We need to understand that there is a difference between the two although there are certain overlaps. Compensation which usually comes in the form of salary, attracts people and creates the benchmark by allowing people to earn a living. And on the other hand we have employee engagement, productivity and creativity, which come out of recognition, rewards and everyday motivation, which does not necessarily come from money or monetary incentives.
    I think that by combining the two, we can create personalized packages that can attract the best talent and treat them honorably. Autonomy, Mastery and Purpose should not come instead of a respectable salary. They need to amplify and reinforce it.
    Check out more of what I have to say about this here: http://tinyurl.com/yf6oczo

  4. EC Nagle says:


    I see the same mistaken impression being the result of the TED talk.

    I think that Dan’s case for money not being the prime motivating factor is important and timely (especially in light of all the grossly overpaid people out there who got massive bonuses for basically making other people poor; I infer that Dan is showing how money is being wasted on these types of workers).

    Still, I am worried about the industries that already lag far behind in terms of compensation such as: education and the arts (as well as other creative fields,especially ones traditionally seen as “glamorous,” which is part of the reason they pay poorly already).

    Can you tell I’ve always worked in glamourous, artistic fields (and now in education)?

    If, as Dan argues in A WHOLE NEW MIND, these creative fields are just as important and should be pursued as wholeheartedly as the pursuit of money-making has been by an entire generation’s worth of MBAs, then when will employers recognize this?

    As an indepdent-school teacher, I sometimes think I’d be reasonably happy to have someone tell me what to do if I made twice as much money. So, in my case, I don’t think the freedom is worth the huge cut in salary. Yes, it’s nice, but freedom doesn’t pay the bills.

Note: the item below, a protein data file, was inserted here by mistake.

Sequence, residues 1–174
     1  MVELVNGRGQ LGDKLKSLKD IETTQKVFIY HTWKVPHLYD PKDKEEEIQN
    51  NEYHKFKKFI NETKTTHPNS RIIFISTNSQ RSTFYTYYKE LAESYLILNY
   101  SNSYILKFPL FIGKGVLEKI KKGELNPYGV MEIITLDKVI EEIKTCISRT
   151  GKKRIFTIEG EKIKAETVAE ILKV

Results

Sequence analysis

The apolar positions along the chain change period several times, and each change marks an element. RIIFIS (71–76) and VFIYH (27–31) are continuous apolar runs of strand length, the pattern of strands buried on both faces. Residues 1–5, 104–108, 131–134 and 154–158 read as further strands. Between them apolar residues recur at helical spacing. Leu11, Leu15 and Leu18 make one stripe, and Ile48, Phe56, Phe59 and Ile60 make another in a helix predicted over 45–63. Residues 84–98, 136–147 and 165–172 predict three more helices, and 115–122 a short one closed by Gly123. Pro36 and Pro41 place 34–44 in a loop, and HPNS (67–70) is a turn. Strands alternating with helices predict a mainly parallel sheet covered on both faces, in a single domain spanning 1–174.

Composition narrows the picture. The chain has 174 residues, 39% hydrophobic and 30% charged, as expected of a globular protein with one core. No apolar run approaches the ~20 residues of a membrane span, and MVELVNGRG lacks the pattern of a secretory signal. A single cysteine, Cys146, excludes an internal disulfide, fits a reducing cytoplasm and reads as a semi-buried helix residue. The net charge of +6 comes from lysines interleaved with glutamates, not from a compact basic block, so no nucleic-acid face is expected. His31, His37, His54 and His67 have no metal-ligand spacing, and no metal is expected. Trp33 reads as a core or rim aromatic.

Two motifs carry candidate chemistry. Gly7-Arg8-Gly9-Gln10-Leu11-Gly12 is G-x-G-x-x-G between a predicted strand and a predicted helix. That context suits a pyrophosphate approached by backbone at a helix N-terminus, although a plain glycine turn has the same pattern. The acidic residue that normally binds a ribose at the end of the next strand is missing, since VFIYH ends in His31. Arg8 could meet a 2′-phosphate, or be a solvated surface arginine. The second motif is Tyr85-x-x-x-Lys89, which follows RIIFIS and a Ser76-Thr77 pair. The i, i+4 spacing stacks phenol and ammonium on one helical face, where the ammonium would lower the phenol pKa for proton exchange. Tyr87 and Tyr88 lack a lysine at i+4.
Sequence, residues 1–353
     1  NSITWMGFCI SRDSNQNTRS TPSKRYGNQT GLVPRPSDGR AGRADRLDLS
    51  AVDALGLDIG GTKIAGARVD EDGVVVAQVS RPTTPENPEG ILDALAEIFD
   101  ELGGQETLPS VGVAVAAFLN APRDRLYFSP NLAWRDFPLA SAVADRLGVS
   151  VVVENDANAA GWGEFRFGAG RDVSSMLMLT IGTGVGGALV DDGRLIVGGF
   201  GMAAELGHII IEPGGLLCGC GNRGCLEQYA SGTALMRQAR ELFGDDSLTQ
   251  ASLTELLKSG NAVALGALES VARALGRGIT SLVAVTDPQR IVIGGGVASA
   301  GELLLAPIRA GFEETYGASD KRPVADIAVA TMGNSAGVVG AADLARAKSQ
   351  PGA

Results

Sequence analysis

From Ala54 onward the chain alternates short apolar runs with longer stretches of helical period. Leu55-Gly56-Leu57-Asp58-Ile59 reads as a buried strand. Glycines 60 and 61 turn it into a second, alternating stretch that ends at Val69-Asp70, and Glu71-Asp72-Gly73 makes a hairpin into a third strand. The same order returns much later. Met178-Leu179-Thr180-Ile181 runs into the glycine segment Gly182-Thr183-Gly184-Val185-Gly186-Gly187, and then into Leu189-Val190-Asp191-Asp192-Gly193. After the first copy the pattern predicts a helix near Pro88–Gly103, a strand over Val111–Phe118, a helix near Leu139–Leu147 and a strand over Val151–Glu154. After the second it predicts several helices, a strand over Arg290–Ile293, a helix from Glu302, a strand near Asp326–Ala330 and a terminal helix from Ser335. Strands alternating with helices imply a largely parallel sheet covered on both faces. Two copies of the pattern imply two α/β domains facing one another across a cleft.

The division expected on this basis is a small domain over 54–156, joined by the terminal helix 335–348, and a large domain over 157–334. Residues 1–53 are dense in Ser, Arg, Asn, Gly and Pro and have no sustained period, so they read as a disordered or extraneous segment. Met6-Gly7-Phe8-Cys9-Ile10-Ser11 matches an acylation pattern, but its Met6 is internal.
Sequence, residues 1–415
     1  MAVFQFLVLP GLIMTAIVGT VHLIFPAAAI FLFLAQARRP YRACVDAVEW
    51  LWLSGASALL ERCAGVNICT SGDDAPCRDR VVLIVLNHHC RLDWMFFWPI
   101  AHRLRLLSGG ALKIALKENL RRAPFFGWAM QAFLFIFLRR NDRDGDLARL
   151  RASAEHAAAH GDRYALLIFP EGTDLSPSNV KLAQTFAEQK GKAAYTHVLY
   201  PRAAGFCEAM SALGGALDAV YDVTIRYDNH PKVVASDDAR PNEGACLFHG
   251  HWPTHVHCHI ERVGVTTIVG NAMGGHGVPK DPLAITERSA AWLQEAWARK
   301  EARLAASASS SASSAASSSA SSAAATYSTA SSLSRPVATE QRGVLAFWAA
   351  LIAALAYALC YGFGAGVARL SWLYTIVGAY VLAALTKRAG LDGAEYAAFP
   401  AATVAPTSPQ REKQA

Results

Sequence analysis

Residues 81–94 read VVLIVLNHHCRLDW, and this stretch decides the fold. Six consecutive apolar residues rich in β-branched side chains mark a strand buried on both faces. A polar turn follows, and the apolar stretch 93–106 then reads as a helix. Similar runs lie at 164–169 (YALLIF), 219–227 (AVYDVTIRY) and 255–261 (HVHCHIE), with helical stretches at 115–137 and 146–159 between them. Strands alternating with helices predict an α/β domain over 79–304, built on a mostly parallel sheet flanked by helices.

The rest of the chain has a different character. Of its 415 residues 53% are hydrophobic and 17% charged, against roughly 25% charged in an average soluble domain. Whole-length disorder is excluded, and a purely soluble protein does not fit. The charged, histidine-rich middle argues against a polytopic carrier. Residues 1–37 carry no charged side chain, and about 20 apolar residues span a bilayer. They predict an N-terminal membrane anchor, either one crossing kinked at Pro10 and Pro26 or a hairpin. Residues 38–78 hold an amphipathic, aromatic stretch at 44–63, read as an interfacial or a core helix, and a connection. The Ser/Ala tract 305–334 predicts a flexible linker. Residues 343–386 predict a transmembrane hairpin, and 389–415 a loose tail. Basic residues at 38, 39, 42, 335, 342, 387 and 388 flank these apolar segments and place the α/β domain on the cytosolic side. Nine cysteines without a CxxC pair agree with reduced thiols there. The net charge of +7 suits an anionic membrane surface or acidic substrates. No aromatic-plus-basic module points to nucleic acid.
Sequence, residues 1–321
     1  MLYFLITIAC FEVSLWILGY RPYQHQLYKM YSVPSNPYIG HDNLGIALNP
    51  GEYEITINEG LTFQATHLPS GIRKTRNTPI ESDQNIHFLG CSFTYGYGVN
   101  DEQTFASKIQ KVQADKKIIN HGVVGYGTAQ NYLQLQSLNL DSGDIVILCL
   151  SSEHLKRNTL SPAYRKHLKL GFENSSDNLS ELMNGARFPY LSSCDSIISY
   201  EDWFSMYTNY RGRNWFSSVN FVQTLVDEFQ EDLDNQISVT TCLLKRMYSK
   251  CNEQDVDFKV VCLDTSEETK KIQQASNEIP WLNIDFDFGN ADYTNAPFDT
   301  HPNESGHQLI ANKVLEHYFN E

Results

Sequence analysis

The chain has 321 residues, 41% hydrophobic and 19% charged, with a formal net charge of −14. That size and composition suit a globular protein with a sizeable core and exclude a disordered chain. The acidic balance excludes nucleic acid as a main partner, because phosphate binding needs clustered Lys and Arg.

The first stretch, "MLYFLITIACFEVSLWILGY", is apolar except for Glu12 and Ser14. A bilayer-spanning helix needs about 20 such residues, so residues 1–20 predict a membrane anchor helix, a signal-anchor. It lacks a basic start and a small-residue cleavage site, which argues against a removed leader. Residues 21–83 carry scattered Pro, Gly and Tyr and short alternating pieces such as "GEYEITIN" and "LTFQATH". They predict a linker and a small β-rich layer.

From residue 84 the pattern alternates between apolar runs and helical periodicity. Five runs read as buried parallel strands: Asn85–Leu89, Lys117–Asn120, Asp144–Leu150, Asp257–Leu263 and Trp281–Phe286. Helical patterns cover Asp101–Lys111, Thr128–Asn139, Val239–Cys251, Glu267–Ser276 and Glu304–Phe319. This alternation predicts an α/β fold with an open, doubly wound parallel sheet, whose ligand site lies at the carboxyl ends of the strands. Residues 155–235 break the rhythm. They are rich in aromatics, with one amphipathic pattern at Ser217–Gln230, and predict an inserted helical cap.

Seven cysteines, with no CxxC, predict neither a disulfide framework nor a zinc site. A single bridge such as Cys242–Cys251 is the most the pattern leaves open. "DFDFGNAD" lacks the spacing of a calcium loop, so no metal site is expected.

5. Alberto says:

    EC Naggle said “I worry about the effect of your discoveries here because I think that workers might get paid less as a result”. I would say I`m not that worry about it, if in response i get freedom to work in what I want, when I want, where I want,…

  6. tom wilson says:

    What is it that commands a large salary? What unique value is being generated or provided? An NFL quarterback winning the Super Bowl, an MLB 300 hitter leading his team to a World Series, an uncapped teacher whose students are a grade and a half above their grade level or a salesman producing 200% of goal are all examples of short supply but great demand. When I graduated from college my dad told me not to worry about pay and vacation time because those things come through your ability to produce. All of this is incredibly subjective and defined by who we see in the mirror everyday. I remember the following quote “a good big man will beat a goos small man every time if good means the same thing” and can’t help but echo Alberto.

  7. Elad Sherf says:

    Hey Ec Nagle,
    I totally get your point. However, let’s try and differentiate between the two. Your first comment suggested that in a given job with a given pay, employers will use other means but money to motivate employees, thus paying less for the same service. That is a valid argument (although one I do not agree with). In your second comment, you talk about the different pay for different professions, which is an entirely different point (even though I recognize that if what you are afraid of in your first point happens to these underpaid jobs, then relatively, it more significant).